POETRY March 1, 2024

The Poem for R

The poem on the lake.

The poem with a checkered blanket.

The poem in which a great painting

is described and then sold at auction

leaving the poem empty, unreadable.

The poem in which the moon compares

itself to people and their things.

The poem about a cow named Alan.

The poem shaped like a field.

The poem in which Christ pockets

all the money donated in his name

and walks off, muttering to himself.

The poem with room for milk and sugar.

The poem in its mid-fifties.

The poem written in a strict form based

on the stages of grief, emphasizing meter

and denial.

The poem in which a dog returns

to say love is a kind of tennis ball

thrown into the night, a thing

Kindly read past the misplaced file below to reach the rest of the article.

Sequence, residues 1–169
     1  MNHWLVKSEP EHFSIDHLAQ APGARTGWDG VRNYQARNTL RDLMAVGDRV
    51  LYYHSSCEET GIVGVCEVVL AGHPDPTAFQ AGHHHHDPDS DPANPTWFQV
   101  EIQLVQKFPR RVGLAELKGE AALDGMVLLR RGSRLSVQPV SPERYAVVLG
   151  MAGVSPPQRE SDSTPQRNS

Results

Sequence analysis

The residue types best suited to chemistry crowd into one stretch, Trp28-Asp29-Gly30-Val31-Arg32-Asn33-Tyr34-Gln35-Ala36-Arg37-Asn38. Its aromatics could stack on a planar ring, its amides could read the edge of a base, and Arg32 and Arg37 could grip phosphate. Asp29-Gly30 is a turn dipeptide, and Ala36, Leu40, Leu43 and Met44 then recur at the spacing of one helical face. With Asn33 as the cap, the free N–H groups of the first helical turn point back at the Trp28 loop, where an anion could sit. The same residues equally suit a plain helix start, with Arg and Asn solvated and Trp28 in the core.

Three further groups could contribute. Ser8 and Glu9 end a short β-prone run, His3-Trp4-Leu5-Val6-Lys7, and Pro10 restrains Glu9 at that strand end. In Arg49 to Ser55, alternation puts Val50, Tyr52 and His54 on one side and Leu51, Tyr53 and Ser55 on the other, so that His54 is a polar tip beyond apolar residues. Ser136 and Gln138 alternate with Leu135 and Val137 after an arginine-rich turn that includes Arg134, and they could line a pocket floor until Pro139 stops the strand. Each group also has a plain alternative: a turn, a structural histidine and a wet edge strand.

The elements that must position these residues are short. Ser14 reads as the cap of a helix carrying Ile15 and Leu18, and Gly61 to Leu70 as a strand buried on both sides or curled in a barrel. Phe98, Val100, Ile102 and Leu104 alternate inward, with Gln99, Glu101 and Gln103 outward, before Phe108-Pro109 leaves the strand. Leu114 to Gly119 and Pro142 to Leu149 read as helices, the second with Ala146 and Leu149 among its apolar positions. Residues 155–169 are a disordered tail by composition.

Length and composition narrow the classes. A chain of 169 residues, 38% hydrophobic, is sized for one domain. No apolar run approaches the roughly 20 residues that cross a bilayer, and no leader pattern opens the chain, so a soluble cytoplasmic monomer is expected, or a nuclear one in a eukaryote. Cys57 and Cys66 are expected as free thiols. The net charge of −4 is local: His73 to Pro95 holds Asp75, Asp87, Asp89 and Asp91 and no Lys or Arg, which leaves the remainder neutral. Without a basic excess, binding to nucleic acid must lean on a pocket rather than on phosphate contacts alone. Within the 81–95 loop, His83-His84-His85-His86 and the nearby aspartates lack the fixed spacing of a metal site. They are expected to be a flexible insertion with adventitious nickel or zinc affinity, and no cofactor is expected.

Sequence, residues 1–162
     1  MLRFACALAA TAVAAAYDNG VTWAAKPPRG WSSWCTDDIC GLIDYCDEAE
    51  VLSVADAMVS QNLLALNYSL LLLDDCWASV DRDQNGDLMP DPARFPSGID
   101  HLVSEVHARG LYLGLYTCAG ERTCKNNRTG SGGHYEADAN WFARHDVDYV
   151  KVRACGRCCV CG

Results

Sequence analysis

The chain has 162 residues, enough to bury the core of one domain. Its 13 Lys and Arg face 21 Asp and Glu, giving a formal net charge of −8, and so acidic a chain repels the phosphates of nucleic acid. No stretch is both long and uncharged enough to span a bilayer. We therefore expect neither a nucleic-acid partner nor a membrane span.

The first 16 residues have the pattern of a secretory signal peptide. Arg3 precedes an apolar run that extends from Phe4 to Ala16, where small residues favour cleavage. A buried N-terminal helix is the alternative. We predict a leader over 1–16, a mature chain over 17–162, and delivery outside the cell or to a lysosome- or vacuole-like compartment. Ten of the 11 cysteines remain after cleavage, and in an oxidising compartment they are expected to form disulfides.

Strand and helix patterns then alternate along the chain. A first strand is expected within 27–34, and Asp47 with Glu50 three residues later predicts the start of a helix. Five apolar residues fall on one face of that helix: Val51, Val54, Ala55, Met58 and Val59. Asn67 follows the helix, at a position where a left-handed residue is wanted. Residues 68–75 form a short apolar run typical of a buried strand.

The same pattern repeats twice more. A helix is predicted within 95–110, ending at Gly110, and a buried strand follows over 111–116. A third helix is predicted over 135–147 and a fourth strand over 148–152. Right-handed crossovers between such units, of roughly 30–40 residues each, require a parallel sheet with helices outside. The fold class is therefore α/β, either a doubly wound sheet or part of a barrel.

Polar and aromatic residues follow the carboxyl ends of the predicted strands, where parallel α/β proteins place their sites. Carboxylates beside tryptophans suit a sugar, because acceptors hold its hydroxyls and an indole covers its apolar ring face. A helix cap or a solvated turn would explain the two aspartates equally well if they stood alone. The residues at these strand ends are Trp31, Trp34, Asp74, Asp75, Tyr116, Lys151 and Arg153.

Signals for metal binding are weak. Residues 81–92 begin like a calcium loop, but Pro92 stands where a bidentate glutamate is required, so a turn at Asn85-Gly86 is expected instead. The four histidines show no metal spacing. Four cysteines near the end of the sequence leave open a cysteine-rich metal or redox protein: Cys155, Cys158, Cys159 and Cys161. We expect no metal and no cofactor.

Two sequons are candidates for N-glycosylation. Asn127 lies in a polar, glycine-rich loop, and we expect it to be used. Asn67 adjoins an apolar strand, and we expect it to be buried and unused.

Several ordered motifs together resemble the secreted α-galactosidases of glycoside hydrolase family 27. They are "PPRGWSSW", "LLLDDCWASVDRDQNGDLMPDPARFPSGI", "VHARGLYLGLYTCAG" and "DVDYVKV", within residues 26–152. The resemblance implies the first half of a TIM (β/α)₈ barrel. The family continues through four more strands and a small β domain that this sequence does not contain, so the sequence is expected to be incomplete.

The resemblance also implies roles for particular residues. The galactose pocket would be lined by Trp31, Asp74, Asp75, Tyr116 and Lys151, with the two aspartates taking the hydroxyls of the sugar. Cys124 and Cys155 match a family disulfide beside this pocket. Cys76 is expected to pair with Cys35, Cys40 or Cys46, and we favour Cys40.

glowing in grass just enough

to find it, but still faint enough

to be lost with no blame. There is

no blame, the dog says, you were

busy and I didn’t live long.

Be happy we met at all.

The poem made of red cups.

The poem written on a hat.

The poem prescribed by a doctor

who makes a second appointment

to read it to you under supervision.

The poem tied up in traffic.

The poem in which the word Skull

is capitalized.

The poem punishable by song.

The poem in which Hyperbole is

pronounced so incorrectly

people actually die.

The poem that doesn’t end with

the ghost of a dog.

The poem of exquisite regret.

The poem that delivers itself

on the way to the hospital.

The poem of swift justice.

The poem of just swiftness.

The poem lovely as the letter R.

Brendan Constantine is a poet based in Los Angeles. He is the author of several collections, most recently Dementia, My Darling (Red Hen Press), and his work has appeared in many standards, including Poetry, The NationBest American Poetry, and Poem A Day. He currently teaches at the Windward School and the Los Angeles County Museum of Art. Since 2017 he has been developing workshops for writers living with Aphasia and Traumatic Brain Injuries (TBI).
Social Media: Instagram: @brendanconstantine